How To Use Google Analytics To Measure The Success Of Content Marketing

To many, measuring the success of content marketing can be a challenge. Never more so than if you are trying to report to a board of directors or the CEO on the performance of your content driven efforts. The solution to this, often lies in knowing where to look!

Jonathan Blank, a director at NewsCred, recently did a post over at Marketing Land on some basic Google Analytics metrics for content marketers.

Before I shed some light on some of the points in the post, I just want to state a disagreement (sorry Jonathan!) with his first point of not using traffic to your content hub as a metric as only a small portion of this traffic will carry out one of your conversion goals.

If your content marketing efforts are not effective at driving productive traffic to your site then why do it? Yes only a small portion will “convert” right away but that is why you need to focus on other metrics for this traffic which you’re about to find out in just a moment.

My main point here is, and sorry to Jonathan if this is what you meant, that you should look at:

“How effective your content marketing strategy is at driving traffic to the site, but in conjunction with the conversion metrics detailed below. This is so you know how productive this traffic is… or if you need to work on your content, your website, or both in order to improve your results.”

Now let’s look at how to measure the effectiveness of your content marketing strategy.

The main points of the post are:

  • Track micro and macro conversions – this means as well as tracking conversions, don’t forget to track form fills, clicks through to a product/service page, video views etc. Whatever applies to your site.
  • Look at assisted conversions not just last click – so look to see if your content marketing played a part in the eventual conversion as oppose to the last page or channel that resulted in the conversion.

Let’s dig a little deeper…

Track micro conversions

Every piece of content you create should be strategic.

What I mean by that is every piece of content should talk to the interests (no selling) of your target market but in a way that relates to your products and services.

So if every piece of content relates to an offer in some way, you should be driving this traffic further towards conversion.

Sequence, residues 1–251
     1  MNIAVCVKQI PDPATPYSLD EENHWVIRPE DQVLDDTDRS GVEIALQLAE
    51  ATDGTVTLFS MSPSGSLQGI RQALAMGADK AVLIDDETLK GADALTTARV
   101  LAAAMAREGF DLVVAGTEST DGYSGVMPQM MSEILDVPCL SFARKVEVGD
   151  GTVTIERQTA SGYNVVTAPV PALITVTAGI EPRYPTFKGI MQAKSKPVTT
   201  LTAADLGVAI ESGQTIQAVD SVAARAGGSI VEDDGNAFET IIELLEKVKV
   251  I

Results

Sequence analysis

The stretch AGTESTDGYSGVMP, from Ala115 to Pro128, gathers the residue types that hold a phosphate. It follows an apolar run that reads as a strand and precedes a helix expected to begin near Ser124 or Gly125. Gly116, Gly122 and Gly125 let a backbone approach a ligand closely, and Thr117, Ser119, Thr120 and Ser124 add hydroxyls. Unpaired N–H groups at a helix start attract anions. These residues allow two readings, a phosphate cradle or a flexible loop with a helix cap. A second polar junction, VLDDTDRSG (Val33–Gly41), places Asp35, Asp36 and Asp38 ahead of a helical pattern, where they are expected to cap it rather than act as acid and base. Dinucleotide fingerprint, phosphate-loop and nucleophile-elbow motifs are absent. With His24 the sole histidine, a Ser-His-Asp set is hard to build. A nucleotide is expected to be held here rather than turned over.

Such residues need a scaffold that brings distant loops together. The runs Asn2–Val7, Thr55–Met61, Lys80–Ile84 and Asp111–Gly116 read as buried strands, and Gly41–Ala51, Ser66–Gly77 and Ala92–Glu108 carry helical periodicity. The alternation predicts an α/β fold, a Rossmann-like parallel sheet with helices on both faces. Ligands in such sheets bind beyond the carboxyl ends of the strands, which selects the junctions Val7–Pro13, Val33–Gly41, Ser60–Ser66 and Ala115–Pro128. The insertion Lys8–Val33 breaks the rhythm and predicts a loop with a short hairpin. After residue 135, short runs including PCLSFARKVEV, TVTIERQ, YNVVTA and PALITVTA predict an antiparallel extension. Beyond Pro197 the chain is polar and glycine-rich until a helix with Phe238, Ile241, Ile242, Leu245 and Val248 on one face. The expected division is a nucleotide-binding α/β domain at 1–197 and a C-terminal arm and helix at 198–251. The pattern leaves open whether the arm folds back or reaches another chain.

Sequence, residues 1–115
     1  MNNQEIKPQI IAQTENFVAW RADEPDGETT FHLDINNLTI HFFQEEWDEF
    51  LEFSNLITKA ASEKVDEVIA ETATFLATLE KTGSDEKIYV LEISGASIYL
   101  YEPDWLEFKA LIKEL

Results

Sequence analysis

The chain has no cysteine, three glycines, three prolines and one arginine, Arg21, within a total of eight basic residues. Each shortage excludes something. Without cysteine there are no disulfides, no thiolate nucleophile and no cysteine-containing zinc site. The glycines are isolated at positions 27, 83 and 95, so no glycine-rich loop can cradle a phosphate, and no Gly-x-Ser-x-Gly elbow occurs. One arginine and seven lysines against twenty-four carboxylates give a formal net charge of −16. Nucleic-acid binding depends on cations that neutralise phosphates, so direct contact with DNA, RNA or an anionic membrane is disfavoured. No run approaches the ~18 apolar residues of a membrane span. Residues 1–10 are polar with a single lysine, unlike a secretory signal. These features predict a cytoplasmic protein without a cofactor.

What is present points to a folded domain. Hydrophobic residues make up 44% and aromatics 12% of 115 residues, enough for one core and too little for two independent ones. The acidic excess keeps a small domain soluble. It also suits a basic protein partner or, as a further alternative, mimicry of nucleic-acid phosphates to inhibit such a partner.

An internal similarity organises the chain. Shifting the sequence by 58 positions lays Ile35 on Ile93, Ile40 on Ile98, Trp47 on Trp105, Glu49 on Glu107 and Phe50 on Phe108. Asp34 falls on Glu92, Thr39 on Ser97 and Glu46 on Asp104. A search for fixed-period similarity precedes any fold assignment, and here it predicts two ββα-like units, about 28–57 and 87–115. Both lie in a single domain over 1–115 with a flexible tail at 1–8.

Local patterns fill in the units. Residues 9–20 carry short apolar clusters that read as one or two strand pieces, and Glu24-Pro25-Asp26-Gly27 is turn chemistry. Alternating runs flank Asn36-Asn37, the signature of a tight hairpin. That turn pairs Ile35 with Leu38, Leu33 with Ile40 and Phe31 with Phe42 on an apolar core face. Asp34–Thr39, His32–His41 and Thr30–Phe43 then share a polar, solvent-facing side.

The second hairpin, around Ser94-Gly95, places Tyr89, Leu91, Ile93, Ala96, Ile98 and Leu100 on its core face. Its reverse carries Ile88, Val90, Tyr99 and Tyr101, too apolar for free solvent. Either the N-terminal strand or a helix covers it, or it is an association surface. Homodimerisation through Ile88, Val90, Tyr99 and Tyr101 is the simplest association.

For example, this could be a call to action taking them to a product page or a call to action asking them to opt in to get more content about the topic or a free trial etc.

Measure these metrics! Micro conversions!

This will tell you how effectively you are converting traffic into prospects. You will find out which topics and post types are better at doing this and segment, segment, segment!

Look at what ages, genders, locations are the best and worst performing and look at what types of posts and topics are better at driving visitors closer to conversion and which segments are not engaged and bounce.

Do more of what works and keep testing to refine your funnel. Test your calls to action, your opt in offers, headlines, positions of native ads in your content… test everything!

The most important one that will really help you prove to your CEO that your content marketing efforts are contributing to the revenue growth of the business is…

 

Tracking Assisted Conversions

Another post on the Reef blog back in February also touched on this subject and explained how to set up channel groupings and looked at user flows (where people go after landing on a post) and attribution.

Really useful stuff that you should definitely take 5 to scan through after reading this post. You can read it here: 4 Analytics Tips For Content Marketing

For this post I’m going to show you one way to measure how well your content marketing strategy is working and if it is contributing to conversions and revenue.

Last Click Vs First Click

Log in Google Analytics and go to Conversions -> Attribution -> Model Comparison then choose last vs first interaction and organic as the channel (or any other channel you want but we will look at SEO for this post).

 

content marketing attribution

 

Next choose conversions and value.

 

conversion analysis content marketing

 

Then look at the data.

If first interaction attribution is higher than last interaction attribution, then it means that your content marketing/SEO is working and directly leading to conversions.

It is driving people to your site and brand and these people are then converting at a later stage having already been exposed to you.

Your content marketing is driving prospects to your website and engaging them in the upper funnel when they are researching and becoming familiar with brands and many of these people are later turning into customers.

Looking at:

  • Last interaction vs first interaction
  • Attributed conversions from your content hub and
  • Measuring micro conversions

…can really help you determine if your content marketing is working. If your metrics don’t stack up… you’ve got some work to do!

Let me know in the comments if you need any help with anything or have any questions and I’ll be happy to help!

*image credit 10ch of Flickr

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